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Ethics vs. Law Author Institution Abstract Nursing focuses on aspects such as caring, preventing harm, and safeguarding the dignity of the client, as well as advocating the role of nurses that call for defending of the rights of clients. There are eight principles that nurses encounter and should abide within clinical settings, namely: autonomy (personal freedom and right of self-determination); veracity (truth-telling); beneficence (duty to safeguard good actions); justice (fairness and treating all equally); nonmaleficence (duty to prevent harm from happening); paternalism (allowing the nurses to make decisions for individual patients); fidelity (duty to abide by one’s promises and commit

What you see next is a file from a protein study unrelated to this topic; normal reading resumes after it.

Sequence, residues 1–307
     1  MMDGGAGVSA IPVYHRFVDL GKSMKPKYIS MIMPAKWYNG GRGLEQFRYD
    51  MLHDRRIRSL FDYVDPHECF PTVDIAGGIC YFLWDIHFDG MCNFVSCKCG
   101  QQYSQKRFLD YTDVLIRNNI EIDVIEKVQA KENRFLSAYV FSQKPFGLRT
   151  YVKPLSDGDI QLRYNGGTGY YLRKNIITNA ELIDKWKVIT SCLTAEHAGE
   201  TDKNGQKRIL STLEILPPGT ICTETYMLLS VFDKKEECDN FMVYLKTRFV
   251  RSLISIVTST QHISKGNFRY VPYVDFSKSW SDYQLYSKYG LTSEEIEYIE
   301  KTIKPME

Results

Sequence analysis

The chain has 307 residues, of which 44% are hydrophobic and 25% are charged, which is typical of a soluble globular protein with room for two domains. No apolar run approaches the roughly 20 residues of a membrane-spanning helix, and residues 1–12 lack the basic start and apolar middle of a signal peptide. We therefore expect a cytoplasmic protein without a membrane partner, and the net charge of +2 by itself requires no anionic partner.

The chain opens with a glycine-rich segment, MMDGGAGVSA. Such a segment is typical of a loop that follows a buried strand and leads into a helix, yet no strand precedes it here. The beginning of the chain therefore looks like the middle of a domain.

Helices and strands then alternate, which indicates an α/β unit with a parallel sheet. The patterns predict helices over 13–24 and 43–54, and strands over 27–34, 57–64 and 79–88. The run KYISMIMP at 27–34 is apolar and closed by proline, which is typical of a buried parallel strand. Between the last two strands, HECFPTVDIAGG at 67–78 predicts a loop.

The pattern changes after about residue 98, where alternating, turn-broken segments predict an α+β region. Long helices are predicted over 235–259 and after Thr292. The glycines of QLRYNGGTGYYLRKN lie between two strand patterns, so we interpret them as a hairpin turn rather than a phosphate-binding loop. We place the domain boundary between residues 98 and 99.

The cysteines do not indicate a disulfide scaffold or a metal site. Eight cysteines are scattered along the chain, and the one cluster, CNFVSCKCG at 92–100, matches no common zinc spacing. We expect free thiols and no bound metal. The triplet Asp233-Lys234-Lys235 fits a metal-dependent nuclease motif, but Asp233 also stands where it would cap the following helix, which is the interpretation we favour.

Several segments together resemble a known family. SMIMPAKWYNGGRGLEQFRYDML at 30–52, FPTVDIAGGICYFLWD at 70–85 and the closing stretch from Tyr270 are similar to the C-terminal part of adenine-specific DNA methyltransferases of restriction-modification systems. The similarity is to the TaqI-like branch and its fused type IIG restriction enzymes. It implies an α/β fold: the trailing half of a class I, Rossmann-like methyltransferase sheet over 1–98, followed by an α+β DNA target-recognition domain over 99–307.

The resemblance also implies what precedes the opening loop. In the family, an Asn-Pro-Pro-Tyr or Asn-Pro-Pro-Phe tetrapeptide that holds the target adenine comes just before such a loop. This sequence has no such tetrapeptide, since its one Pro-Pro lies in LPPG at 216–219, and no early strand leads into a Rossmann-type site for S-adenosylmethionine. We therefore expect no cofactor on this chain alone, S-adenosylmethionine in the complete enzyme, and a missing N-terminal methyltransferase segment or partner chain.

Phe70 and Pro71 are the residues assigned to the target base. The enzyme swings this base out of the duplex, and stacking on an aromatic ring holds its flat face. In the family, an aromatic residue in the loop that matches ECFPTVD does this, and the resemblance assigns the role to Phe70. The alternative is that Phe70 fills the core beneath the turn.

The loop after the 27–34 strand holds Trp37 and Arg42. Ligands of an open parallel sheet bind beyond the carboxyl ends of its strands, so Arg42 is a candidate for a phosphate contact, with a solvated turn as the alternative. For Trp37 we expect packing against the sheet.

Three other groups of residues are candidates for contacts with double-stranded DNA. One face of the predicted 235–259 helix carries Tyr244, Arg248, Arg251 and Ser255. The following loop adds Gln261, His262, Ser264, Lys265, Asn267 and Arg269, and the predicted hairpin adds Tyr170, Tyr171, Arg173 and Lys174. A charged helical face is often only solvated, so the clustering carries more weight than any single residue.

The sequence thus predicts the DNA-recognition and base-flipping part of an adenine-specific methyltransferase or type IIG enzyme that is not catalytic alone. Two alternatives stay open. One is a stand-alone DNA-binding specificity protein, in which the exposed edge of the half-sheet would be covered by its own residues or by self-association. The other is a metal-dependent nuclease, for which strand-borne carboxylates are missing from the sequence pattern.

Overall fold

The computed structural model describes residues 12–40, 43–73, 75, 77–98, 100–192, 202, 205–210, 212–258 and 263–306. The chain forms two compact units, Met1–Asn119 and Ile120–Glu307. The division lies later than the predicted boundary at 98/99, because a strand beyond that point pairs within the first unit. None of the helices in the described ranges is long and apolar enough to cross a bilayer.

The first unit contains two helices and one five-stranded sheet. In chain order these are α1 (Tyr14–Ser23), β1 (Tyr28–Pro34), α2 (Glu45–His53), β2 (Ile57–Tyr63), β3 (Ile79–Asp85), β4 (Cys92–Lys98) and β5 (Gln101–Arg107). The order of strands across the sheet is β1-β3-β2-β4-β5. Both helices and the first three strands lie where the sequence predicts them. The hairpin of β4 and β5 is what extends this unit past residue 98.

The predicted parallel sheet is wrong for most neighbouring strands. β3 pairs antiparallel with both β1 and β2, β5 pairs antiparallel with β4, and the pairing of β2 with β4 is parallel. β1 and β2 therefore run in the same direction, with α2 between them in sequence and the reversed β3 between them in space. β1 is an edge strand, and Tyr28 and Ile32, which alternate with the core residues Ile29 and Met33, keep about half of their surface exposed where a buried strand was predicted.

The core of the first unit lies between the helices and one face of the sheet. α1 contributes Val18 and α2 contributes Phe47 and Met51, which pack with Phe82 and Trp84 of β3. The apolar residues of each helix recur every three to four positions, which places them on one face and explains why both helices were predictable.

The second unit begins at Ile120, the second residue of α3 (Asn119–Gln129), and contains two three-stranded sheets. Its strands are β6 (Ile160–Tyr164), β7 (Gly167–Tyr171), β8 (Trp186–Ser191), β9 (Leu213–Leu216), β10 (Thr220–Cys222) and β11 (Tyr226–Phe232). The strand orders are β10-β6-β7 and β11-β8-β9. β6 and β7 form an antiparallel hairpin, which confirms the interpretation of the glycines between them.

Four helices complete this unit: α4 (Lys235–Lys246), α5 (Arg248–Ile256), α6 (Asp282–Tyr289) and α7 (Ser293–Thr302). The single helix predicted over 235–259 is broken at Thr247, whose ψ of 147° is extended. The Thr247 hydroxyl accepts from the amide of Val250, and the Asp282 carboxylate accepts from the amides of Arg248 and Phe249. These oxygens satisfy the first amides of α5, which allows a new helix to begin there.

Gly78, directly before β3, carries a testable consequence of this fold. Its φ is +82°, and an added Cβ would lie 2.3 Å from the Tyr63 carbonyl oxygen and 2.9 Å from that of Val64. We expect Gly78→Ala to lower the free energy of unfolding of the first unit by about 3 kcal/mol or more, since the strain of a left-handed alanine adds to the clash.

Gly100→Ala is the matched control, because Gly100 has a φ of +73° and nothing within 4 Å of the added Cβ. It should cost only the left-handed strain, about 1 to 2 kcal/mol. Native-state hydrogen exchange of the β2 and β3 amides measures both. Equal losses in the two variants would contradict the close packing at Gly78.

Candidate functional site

Ethics vs. Law Introduction Nurses at all levels and in all facets of specialization should comply with strict ethical guidelines and operates as per various governmental and regulatory statutes. Frequently, the interaction between ethics and law is complex; however, professional nursing ethics mainly followed within the confines of the law are highly likely to be legally defensible. Nurses may come across diverse dilemmas, legal or ethical in nature amid their practice; nevertheless, some of the nurses may not be prepared to respond to such issue and may end up helpless in the event that questions regarding their ethics or conduct are raised (Robley, 2009). A law represents a rule concisely laid down whereby any deviation from the set rule attracts punishment; however, ethics are not measurable and cannot be concisely defined like law. Ethics mainly depend on personal perception of issues and are complex to be outlined into right or wrong. ...
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